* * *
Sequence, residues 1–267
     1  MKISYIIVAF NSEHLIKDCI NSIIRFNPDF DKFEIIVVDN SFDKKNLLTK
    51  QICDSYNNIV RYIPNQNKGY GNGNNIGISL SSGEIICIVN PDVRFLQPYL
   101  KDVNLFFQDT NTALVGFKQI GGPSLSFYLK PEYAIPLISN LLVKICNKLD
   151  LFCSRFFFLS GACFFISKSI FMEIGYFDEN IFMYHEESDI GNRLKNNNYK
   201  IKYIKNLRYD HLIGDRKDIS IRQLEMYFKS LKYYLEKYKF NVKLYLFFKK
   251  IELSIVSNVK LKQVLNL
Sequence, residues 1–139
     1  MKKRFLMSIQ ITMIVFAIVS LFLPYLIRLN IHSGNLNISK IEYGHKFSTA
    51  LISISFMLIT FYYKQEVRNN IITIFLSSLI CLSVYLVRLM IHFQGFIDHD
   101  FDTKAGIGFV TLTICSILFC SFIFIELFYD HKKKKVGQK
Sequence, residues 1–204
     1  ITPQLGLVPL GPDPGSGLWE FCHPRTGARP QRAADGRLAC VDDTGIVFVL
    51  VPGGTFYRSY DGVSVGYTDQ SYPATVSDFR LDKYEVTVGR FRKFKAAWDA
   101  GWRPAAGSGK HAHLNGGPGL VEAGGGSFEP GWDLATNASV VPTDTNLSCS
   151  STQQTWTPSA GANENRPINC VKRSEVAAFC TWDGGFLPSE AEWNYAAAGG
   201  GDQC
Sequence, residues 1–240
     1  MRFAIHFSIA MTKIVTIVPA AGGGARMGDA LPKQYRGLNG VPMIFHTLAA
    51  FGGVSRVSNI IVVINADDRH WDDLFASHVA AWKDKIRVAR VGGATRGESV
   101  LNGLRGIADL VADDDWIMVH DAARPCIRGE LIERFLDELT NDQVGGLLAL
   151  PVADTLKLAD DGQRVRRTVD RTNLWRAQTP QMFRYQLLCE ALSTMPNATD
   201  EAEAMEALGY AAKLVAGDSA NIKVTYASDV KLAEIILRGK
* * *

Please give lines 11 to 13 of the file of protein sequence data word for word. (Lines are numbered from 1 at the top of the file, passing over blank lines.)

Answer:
   101  FDTKAGIGFV TLTICSILFC SFIFIELFYD HKKKKVGQK
Sequence, residues 1–204
     1  ITPQLGLVPL GPDPGSGLWE FCHPRTGARP QRAADGRLAC VDDTGIVFVL